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Lankville Mud Pits to Reopen

December 31, 2014 Leave a comment Go to comments
By Brock Belvedere

By Brock Belvedere


Scooby Drexler, assistant to the coordinator of the Lankville Committee on Natural Entertainments, announced this morning that the area’s famous Mud Pits will reopen early in 2015. The Pits had been closed for renovation for the past thirty-six months, at a cost of $476,415 to date.

“This is a great day for Lankville and surrounding areas,” Drexler said to a small gathering of reporters and enthusiasts this morning near Pondicherry Square. “Soon our sons will be able to enjoy the Mud Pits again, like their fathers and grandfathers before them.”

The Mud Pits are back (figure one).

The Mud Pits and Lankville: Reunited.

Women have traditionally not been allowed in the Mud Pits.

Drexler noted that events such as “Clod Hurling,” in which young men scoop up and carry hardened clods of dirt on the end of a homemade stick while opponents hurl insults and dirty water at them, will soon be scheduled again in the Mud Pits, where they belong. And with the newly refurbished seats on the north edge of the Pits, spectators will have a better view of the goings-on than ever before. Other improvements include a covered viewing area for visiting foreign dignitaries, and chrome-reinforced “dipping bars” to lower enthusiasts into the Pits.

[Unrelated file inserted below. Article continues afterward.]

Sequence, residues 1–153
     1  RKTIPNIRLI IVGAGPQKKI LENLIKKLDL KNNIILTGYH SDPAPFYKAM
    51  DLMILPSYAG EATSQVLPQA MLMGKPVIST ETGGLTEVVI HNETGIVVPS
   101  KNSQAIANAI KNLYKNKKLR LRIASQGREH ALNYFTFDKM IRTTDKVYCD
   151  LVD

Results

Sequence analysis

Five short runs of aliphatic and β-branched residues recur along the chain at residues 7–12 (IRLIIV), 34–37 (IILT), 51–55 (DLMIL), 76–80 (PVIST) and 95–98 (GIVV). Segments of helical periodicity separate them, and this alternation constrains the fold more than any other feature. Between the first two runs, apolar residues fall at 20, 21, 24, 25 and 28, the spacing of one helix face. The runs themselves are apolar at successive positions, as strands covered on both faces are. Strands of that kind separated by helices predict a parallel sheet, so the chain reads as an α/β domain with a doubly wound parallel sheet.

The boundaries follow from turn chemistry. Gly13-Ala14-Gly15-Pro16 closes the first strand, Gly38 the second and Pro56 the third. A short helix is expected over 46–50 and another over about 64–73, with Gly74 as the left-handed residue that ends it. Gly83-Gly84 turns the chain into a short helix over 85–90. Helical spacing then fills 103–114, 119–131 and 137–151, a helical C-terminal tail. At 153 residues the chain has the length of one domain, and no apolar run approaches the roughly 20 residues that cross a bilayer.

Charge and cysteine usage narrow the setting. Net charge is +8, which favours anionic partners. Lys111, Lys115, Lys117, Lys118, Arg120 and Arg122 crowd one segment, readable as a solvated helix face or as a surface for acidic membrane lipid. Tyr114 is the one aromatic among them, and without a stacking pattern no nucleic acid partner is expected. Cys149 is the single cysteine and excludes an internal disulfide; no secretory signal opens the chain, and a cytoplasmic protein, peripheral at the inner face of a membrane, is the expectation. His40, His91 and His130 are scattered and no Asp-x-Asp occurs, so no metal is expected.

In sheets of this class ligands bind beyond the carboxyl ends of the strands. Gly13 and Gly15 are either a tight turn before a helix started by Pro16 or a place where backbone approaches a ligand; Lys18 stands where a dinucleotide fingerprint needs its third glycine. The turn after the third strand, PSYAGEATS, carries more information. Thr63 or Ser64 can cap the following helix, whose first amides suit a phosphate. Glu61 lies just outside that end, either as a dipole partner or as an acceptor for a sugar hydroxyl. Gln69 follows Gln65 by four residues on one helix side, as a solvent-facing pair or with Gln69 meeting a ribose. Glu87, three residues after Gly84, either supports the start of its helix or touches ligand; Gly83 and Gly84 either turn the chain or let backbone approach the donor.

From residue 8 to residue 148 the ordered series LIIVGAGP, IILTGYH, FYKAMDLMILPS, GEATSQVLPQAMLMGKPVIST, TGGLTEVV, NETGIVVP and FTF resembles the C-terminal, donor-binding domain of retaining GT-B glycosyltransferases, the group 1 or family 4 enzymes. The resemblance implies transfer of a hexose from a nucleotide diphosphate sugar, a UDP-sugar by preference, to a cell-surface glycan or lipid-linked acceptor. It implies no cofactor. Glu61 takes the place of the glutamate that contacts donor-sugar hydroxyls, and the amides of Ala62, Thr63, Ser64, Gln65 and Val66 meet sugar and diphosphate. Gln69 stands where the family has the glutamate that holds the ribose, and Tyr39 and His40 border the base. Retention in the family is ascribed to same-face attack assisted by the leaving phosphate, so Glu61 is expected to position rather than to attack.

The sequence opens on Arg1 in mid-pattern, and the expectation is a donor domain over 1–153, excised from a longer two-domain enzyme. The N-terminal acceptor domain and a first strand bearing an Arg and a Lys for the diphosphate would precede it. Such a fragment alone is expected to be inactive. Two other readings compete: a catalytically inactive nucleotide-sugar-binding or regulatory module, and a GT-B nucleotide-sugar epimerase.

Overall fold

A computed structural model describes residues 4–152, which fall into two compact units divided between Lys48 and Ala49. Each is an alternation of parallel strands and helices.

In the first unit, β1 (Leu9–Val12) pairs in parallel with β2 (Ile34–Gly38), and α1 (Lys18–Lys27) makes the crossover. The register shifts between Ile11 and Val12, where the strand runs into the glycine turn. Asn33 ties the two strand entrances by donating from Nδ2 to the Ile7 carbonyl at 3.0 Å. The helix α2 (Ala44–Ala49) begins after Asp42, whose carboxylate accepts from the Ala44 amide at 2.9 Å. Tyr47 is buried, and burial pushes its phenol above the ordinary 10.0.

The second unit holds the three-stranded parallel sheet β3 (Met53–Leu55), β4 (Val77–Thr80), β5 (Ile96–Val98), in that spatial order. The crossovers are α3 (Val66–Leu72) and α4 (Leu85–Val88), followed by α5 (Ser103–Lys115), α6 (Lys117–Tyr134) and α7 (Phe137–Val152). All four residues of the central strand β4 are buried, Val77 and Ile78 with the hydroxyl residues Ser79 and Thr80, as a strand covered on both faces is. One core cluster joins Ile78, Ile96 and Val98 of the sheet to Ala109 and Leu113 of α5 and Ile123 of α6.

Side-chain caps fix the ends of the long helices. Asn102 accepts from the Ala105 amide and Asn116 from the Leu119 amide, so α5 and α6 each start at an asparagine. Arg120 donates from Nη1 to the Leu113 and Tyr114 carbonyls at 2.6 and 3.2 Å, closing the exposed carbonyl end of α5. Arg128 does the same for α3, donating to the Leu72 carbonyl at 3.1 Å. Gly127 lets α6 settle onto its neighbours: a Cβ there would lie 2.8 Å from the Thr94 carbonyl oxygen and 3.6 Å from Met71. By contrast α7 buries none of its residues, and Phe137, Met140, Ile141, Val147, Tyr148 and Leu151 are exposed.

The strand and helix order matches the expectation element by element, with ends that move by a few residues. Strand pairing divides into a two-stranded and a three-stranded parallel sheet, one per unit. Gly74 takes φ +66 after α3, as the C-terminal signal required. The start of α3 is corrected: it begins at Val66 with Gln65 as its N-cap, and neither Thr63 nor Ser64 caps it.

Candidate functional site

As Glenn Ogilvie, history professor at the University of Southern Lankville, observed, “It’s tradition.” The crown jewel of Lankville’s Natural Entertainments, the Mud Pits were first discovered, according to Professor Ogilvie, in 1667 by Edmund du Rochfecault, who was looking for a place to bury dead servants and farm animals. They quickly became a popular destination.

The Mud Pits are back (figure two).

The Mud and Pits and Lankville: Reunited (alternate view)

“I remember playing ‘Sticks and Leaves’ in the Mud Pits for hours on end,” he recalled, describing the game in which boys hide in deep recesses of mud, breathing only through a hollow stick, until they sense an opponent moving nearby and leap up to drag him down in the mud and leave him there. “Games like that are such a unique part of the local fabric,” Prof. Ogilvie added, noting that attempts to play them elsewhere, such as in the Lankville Outer Flats, had proven disastrous. “You need a firm pit, with a good, high level of mud at the right consistency, or it just isn’t going to work.”

Getting the Pits exactly right was expensive and took a long time, Scooby Drexler admitted, but the result was worth it. Now, the popular Ooze Festival, in which citizens solemnly gather to watch as the Pits are replenished with water from the hot springs of the Lankville Partial-Ice Regions, will be open to the public once more.

And the Pits, Drexler promised, will be muddier than ever.

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